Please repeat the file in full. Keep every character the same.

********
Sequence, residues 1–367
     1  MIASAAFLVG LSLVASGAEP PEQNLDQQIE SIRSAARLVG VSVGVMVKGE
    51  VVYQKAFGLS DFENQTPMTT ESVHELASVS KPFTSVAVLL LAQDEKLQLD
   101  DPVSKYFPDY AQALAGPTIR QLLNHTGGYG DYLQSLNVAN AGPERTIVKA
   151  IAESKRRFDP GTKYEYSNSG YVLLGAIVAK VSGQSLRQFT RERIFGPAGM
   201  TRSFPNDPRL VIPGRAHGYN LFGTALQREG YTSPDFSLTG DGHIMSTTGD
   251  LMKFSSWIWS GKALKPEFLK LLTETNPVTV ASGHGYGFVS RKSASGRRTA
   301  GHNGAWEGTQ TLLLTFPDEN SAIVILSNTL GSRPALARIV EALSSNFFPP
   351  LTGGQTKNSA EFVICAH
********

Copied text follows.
Sequence, residues 1–367
     1  MIASAAFLVG LSLVASGAEP PEQNLDQQIE SIRSAARLVG VSVGVMVKGE
    51  VVYQKAFGLS DFENQTPMTT ESVHELASVS KPFTSVAVLL LAQDEKLQLD
   101  DPVSKYFPDY AQALAGPTIR QLLNHTGGYG DYLQSLNVAN AGPERTIVKA
   151  IAESKRRFDP GTKYEYSNSG YVLLGAIVAK VSGQSLRQFT RERIFGPAGM
   201  TRSFPNDPRL VIPGRAHGYN LFGTALQREG YTSPDFSLTG DGHIMSTTGD
   251  LMKFSSWIWS GKALKPEFLK LLTETNPVTV ASGHGYGFVS RKSASGRRTA
   301  GHNGAWEGTQ TLLLTFPDEN SAIVILSNTL GSRPALARIV EALSSNFFPP
   351  LTGGQTKNSA EFVICAH